- The first couple of drafts of the script, Harry and Sally did not get together in the end. Ephron says that after a while, "it became obvious" they they should wind up together.
- Ephron describes herself as a generally optimistic, sunny person, which is what Sally is in the movie. However, at the end of the short film in which people talk about how this movie was made, Ephron says she gets young people coming up to her all the time and saying, "I'm in this When Harry Met Sally kind of situation." She said she wants to tell them that, most of the time, "It's probably not going to work."
- Who's really the sunny one here?
Trivia About Things In the Movie
Sally drags the Christmas tree up the hill by herself.
- The average cut Christmas tree weighs about 10 pounds. Not heavy, just unwieldy.
This is Stacey. She's dragging her Christmas tree by herself to a waiting snowmobile.
(Photo from Rob Pennie's blog)
When Harry is telling Jess about how his marriage to Helen ended, they are at a football game. Giants versus Lions, to be exact.
- The movie was released in July 1989, which means it would have been filmed mainly in 1988.
- The Lions did play the Giants at Giants stadium in 1988, on October 16. The Giants won, 30-10.
At this game, the crowd is doing The Wave. So during this painful conversation, Harry and Jess have to stand up to do their part in The Wave. Makes for good comedic punctuation, for one thing.
- The invention of The Wave is the subject of much dispute. Was it during a Canadian hockey game? Did it first happen during an Oakland A's baseball game? Or was it at a football game in Seattle? Or did Frank Zappa come up with it first at a concert in 1969.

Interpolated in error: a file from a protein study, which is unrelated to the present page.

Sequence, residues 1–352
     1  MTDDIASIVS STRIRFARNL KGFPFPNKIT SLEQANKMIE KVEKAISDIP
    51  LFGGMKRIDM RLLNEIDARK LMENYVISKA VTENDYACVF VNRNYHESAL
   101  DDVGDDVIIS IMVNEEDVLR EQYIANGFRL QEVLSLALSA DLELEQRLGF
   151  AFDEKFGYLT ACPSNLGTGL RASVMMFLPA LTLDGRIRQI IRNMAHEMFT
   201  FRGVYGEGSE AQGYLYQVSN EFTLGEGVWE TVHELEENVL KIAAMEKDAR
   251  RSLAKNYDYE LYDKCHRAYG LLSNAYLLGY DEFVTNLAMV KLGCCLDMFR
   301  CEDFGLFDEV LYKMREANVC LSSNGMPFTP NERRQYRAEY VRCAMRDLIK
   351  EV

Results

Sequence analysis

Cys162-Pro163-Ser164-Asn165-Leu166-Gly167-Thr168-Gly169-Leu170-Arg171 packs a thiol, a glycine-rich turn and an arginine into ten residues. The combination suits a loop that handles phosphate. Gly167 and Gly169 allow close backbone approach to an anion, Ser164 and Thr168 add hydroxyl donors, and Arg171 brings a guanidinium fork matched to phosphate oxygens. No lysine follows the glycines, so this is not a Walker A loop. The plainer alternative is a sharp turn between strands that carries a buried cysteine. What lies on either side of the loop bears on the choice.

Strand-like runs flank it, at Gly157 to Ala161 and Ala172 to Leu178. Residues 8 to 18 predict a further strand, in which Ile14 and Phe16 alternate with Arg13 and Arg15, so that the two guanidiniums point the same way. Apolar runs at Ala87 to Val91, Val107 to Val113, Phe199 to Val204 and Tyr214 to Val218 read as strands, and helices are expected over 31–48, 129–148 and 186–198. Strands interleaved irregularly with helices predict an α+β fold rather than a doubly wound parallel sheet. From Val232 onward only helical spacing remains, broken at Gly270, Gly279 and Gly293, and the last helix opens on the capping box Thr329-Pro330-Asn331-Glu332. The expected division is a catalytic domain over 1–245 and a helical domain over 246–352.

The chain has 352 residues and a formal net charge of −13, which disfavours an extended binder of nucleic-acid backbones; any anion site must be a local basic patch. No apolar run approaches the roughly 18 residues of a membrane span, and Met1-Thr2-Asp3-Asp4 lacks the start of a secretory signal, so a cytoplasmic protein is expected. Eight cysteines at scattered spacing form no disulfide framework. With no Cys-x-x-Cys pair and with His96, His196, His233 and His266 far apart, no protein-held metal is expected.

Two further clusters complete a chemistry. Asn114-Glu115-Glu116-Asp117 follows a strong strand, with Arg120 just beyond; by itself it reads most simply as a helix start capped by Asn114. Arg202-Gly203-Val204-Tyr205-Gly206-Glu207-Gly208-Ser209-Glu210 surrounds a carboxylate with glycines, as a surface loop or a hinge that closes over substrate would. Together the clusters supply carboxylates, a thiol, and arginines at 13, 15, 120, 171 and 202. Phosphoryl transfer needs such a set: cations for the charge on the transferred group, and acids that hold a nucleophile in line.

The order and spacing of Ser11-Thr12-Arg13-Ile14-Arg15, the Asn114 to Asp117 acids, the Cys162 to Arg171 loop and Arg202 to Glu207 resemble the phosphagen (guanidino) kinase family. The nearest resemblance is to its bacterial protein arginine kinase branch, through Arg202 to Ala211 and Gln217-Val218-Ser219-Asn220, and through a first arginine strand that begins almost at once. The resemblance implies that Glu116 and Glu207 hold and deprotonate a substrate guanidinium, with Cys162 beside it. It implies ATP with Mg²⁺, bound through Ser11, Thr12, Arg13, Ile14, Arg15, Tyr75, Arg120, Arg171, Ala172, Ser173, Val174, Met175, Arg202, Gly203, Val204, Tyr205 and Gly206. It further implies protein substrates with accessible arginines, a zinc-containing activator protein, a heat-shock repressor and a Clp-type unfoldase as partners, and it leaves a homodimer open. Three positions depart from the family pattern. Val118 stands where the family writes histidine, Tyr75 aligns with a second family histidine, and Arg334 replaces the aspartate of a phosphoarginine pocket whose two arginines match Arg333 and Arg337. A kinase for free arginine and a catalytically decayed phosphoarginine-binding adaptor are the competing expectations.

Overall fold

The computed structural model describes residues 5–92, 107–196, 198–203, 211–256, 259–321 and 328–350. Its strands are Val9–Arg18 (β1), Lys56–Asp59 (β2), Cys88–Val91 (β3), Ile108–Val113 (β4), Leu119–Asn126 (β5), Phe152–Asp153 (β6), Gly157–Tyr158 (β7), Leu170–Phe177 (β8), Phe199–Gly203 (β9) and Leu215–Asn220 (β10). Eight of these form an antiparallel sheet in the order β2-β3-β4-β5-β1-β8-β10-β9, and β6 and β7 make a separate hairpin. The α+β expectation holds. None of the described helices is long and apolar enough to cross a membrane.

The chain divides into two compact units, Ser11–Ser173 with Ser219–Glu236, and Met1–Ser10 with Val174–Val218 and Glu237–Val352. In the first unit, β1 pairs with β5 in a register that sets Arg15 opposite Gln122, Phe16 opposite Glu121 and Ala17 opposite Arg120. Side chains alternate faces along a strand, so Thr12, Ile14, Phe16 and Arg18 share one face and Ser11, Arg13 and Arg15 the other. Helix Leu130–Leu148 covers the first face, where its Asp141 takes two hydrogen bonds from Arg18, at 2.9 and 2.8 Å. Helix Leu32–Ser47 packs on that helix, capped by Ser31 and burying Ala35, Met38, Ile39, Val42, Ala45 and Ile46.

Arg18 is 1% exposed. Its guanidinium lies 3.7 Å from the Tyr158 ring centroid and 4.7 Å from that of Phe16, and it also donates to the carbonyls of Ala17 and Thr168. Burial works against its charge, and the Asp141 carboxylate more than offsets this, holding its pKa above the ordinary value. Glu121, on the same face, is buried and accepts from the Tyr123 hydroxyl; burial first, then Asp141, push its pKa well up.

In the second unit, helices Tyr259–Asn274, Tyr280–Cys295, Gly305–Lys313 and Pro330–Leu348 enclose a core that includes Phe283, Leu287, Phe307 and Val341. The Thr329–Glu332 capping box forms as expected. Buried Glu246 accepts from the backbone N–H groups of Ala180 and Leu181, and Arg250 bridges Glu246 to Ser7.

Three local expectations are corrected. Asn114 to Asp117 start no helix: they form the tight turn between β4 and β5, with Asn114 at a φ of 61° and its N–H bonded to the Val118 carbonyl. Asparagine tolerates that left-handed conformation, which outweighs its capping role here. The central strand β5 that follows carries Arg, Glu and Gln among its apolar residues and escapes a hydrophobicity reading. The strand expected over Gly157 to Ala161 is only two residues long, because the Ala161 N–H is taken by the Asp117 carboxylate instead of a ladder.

- Nobody can verify for sure which came first. But those professional sporting events occurred in the early 1980s.
- By 1988, when this movie was filmed, The Wave was pretty much de rigeur, and such a common element of sporting events, it would have been something you do without thinking much about it. Which is exactly Harry and Jess' attitude.
These people are at a zoo and they're doing The Wave. That's how common it's become.
(Photo from Webshots, posted by rachelaustralia)
When Harry and Sally are shopping for a housewarming present for Jess and Marie at the Sharper Image, Harry sees what he calls "a singing machine," and gets them both singing "Surrey With the Fringe on Top"
- Sharper Image declared bankruptcy in June of 2008. What did them in was the fact that one of their products, the Ionic Breeze air purifier didn't actually clean the air.
- There is actually a company called The Singing Machine Company which makes Singing Machines. They're still going strong.
- One Singing Machine model that's pretty similar to the one in the movie is the STVG-512. That was on sale for Black Friday deals for $49.99.
STVG-512 Singing Machine
(Image from The Singing Machine Company)
- Here are the lyrics to "The Surrey With the Fringe on Top" from Oklahoma!
[Harry] Chicks and ducks and geese better scurry
When I take you out in the surrey,
When I take you out in the surrey with the fringe on top!
[Harry + Sally] Watch that fringe and see how it flutters
When I drive them high steppin' strutters.
Nosey pokes'll peek thru' their shutters and their eyes will pop!
[He stops & stares at Helen. Sally keeps going]
The wheels are yeller, the upholstery's brown,
The dashboard's genuine leather